Haven’t been blogging much lately, mostly because I’ve been busy with, you know, stuff. And things. Nothing really exciting. The last couple days I’ve been making things out of Roman Cookery: Ancient Recipes for Modern Kitchens and so far the results have been interesting and quite good. Though this morning’s serving of puls punica was entirely too much cheese at the beginning of the day and I am loathe to move much now if I can help it. Apparently the recipe comes from Cato the Elder, who fed it to his slaves, and actually it tasted quite good and no doubt all that cheese was good for calories and protein if you were doing Cato’s farmwork, but urgh.
I do highly recommend the mixtura cum caseo with lagana (the lagana weren’t hard to make, but just for reference, a box of wheat thins would make an entirely acceptable substitution). Fabulous lunch. Also ginormous amounts of cheese.
Once I’ve managed to digest the puls punica–I expect that will be some time next week–I’ll be trying the moretum and maybe even trying to make some garum. The “if you don’t have the patience to leave a jar of fish and salt in the sun for six months” version, I’ll just say that right up front.
And there’s still quite a few breads, porridges, and soups, as well as one or two things with, like, meat or fish in them!
Anyway. A conversation on Twitter reminded me of a writing peeve of mine, and I thought I’d rant on that a bit, because.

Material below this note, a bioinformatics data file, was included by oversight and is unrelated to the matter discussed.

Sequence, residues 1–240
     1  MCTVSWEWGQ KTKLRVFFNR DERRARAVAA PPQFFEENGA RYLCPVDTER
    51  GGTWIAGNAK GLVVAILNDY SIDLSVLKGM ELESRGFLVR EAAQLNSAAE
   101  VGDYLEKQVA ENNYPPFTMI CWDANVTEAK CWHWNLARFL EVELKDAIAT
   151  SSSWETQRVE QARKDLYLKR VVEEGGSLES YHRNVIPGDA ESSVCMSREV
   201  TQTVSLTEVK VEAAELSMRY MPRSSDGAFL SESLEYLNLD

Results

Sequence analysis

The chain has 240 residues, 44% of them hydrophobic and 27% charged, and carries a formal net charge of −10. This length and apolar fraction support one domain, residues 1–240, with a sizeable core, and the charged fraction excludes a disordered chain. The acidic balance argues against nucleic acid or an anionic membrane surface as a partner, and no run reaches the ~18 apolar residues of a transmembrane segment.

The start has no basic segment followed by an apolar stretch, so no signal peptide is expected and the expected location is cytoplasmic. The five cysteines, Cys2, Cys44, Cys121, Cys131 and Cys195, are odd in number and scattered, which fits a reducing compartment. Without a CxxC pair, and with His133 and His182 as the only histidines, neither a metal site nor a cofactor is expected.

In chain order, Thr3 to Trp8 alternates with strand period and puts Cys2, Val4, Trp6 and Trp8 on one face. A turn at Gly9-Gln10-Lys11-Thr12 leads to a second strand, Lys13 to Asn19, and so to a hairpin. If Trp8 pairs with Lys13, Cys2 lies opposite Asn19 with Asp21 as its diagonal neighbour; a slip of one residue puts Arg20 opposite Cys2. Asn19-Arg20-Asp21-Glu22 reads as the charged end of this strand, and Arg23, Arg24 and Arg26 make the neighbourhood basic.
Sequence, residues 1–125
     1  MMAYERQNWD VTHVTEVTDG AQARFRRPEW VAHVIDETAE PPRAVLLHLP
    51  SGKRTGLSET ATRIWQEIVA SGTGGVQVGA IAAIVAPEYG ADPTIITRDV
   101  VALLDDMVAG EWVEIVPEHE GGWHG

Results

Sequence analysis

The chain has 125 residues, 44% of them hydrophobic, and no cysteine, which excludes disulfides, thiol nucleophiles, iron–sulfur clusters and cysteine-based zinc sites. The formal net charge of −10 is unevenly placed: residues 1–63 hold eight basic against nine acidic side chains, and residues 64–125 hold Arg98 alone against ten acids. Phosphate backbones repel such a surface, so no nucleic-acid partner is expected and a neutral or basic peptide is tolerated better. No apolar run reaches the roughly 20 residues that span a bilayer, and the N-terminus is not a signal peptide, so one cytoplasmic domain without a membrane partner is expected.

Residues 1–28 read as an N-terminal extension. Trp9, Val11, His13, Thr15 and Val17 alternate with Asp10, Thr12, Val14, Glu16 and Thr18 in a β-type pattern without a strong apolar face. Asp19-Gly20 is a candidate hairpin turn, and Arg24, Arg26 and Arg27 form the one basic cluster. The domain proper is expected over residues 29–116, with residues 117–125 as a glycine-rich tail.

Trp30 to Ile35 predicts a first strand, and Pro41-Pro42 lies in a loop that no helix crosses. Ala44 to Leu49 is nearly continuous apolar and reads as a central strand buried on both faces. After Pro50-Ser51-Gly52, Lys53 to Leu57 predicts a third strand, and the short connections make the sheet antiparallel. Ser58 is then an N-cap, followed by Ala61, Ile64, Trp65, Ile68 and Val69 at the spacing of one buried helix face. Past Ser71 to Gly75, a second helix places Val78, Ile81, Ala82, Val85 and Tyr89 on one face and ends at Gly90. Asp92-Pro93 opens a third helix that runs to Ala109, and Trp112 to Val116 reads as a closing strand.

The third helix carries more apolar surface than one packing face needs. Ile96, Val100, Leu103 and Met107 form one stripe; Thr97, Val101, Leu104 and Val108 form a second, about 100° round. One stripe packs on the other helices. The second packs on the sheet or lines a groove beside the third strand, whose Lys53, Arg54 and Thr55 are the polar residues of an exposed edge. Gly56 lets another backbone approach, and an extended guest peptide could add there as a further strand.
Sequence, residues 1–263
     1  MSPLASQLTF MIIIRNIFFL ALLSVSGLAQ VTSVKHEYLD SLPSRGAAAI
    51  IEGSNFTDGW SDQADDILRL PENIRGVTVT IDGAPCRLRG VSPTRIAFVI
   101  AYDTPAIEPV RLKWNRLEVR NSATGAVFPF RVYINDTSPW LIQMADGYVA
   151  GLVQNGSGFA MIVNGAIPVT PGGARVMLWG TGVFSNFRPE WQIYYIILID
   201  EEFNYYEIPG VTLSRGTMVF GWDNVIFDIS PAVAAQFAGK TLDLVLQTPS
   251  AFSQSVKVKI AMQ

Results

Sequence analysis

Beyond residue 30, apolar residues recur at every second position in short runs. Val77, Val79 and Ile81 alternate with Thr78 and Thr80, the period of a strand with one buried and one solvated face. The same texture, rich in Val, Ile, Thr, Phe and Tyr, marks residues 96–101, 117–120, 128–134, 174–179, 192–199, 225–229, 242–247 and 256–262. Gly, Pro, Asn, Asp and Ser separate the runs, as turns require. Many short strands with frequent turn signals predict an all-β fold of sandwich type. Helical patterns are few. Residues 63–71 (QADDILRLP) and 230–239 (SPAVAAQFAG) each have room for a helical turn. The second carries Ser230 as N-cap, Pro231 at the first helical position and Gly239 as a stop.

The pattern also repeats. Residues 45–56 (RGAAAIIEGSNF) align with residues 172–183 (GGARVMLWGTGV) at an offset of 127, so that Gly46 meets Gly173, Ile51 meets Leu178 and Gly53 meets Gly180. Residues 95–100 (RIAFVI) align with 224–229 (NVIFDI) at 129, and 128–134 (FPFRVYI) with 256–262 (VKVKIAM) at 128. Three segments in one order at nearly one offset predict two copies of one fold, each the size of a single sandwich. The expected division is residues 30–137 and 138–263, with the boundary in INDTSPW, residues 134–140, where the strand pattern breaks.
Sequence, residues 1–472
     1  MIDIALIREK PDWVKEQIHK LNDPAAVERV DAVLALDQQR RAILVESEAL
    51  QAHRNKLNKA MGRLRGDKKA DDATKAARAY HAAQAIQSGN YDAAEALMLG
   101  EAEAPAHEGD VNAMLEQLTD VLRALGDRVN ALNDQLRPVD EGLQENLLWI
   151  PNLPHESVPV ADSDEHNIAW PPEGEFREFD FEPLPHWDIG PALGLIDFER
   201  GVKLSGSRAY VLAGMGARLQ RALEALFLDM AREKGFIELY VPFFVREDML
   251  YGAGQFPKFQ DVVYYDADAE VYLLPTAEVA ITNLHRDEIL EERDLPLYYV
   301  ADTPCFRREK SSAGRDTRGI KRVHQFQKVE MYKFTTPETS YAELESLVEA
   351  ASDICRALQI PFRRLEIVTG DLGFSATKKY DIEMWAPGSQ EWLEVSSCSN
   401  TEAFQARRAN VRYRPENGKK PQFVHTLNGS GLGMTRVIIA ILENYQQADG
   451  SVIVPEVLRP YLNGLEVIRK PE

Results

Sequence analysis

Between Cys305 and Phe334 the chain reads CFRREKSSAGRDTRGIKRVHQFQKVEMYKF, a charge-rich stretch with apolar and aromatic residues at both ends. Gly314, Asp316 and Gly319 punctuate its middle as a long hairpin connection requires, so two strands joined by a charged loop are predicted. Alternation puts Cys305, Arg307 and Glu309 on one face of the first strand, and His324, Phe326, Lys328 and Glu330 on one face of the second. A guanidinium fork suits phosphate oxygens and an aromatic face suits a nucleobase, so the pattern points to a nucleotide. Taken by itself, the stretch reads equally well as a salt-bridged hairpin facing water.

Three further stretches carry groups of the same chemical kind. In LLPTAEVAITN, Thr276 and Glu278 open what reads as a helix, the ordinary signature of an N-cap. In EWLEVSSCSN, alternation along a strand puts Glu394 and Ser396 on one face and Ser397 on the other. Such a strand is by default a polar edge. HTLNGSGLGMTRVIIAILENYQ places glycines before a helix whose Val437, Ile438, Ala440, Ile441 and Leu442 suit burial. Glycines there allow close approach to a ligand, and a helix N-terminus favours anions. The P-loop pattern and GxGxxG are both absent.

The peeve is, complaints about “passive” characters, when those characters are not, in fact, passive–when in fact small choices in constrained situations do indeed lead to change, sometimes on a large scale, sometimes not. I most often see this when the characters in question are very hedged about by circumstances. The movements available to them can be small and subtle.
Now, it’s true that small and subtle movement often can rule out big, wide, adventury stories with exploding planets–though it doesn’t always–and it definitely rules out naked power fantasies where the MC is a Chosen One with all kinds of power–physical, political, economic–at their disposal.
But “very few choices, few of which involve much physical violence or action” is not the same as “passive” and I think assuming it is is particularly unfortunate. In fact, historically, in various times and places, women have lived in constrained circumstances, with options limited by custom, and yet quite a few women, historically, in various times and places, have done some amazing things within those limits, up to and including ruling empires. And there’s a great deal of drama available in those stories, in the ways people can, and did, manipulate the limited choices available to them with pretty astonishing results. Looking back on those and saying, “Well, but she didn’t really do anything, she was just passive” is….let me politely call it an error.
It’s quite a coincidence, isn’t it, that those stories and their real life analogues are so often about women or members of other marginalized groups, and when you look at that, the prohibition on writing passive characters suddenly looks very different.
Plus, while yes, it’s very fun to read about emperors and generals and whatnot, I have a problem with the unstated assumption that everyday people, just ordinary folks, must therefore have lives that are not interesting enough to tell stories about.
Not to mention the fact that thinking only the planet-exploding, power fantasy stories are worth telling is so extremely limiting. I mean, I like planet exploding power fantasies as much as the next girl, but I’d be so, so bored if that were all there was to read.